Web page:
Browse by Theme: Humanitarian

CARE Yemen's response to the crisis has been to buy local and to build local. The ability of humanitarian agencies to respond in Yemen is currently under threat - but the impact of that work is crucial not just in meeting immediate needs, but in building local capacity to meet needs in the longer term. Here's what one of CARE's emergency response projects in Yemen has achieved, and how we did it.

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Aid, including humanitarian aid, is increasingly being related to, and justified by, a goal to limit migration from poor and fragile countries to wealthier countries [1]. This is a problematic approach for several reasons, so how should humanitarian and development NGOs respond?

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Ambitious plans to reform the humanitarian sector are still failing to reach grassroots women’s rights organisations or be felt by women affected by crises. As donors, UN agencies and NGOs review progress on the Grand Bargain, this paper outlines recommendations to promote women’s leadership and participation across the humanitarian reform agenda.

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Next week (18 June) brings the second annual review meeting of the ‘Grand Bargain’, which will review an annual report building on individual submissions of the signatories, which spans donor governments, UN agencies and NGOs (including CARE). So how should the review be marking the Grand Bargain’s report card?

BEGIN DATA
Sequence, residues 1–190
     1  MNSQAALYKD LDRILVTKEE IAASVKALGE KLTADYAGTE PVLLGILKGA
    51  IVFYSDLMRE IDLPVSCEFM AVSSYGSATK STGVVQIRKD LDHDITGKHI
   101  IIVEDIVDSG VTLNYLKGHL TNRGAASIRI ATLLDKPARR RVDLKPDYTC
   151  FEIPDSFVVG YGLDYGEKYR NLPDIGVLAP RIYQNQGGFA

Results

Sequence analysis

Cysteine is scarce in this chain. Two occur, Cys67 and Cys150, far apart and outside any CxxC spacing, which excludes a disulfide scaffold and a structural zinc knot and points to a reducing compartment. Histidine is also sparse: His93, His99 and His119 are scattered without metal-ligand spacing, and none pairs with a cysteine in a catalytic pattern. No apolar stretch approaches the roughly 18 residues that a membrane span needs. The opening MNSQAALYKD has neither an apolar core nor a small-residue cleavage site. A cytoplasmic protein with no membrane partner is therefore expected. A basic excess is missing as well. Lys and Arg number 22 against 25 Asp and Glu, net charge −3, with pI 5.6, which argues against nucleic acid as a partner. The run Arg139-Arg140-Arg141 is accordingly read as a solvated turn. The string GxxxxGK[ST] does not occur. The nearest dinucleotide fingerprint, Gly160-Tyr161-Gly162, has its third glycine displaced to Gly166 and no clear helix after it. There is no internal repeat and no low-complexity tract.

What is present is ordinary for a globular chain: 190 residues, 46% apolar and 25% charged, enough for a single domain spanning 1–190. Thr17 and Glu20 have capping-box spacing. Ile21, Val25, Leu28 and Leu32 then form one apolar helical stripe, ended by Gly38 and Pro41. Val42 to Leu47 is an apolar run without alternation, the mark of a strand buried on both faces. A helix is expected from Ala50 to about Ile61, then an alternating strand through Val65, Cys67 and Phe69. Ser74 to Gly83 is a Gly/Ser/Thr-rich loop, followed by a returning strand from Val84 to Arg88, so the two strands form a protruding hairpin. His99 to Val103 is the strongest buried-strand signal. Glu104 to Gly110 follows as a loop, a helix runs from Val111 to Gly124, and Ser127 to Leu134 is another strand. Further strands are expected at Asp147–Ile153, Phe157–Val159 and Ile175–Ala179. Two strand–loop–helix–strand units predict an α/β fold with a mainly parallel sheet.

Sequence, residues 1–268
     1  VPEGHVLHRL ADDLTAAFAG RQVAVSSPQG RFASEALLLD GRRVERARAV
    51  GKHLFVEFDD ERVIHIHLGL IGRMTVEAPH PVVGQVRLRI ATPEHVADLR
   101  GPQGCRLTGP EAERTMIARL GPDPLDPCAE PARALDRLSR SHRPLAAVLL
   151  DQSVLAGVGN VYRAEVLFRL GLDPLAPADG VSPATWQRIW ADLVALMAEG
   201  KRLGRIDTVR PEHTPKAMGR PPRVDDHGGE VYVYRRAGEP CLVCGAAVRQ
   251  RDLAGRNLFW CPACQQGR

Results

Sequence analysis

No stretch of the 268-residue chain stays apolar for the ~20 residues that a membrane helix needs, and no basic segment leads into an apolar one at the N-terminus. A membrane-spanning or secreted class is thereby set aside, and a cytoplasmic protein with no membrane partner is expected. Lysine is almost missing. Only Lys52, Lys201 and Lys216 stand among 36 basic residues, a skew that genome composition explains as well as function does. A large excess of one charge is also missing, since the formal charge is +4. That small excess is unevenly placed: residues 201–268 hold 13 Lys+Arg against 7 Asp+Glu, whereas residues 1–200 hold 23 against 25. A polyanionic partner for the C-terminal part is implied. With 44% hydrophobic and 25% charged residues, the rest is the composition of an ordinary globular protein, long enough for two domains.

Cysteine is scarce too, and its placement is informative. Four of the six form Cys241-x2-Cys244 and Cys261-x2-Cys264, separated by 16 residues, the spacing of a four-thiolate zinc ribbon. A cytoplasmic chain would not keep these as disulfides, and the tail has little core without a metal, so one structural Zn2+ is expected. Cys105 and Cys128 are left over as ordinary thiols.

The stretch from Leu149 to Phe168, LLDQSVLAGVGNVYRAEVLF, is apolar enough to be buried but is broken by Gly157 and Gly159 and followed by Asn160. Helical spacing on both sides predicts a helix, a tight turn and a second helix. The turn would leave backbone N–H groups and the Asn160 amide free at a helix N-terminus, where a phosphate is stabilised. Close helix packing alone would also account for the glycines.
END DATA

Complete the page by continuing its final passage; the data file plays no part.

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We’ve just published a study of six agencies’ ‘support to shelter self-recovery’ programmes after the devastating Typhoon Haiyan, which hit the Philippines in late 2013. But what do we mean by self-recovery, and what does support to self-recovery look like?

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A review of shelter self-recovery projects in the Philippines, and their lessons for the shelter sector.

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The number and diversity of Support for Shelter Self-Recovery (SSSR) programmes implemented following super typhoon Haiyan provides a unique opportunity to capture lessons, challenges and best practices. This research aimed to synthesise learning from several SSSR programmes in order to improve policy and practice in future humanitarian responses.

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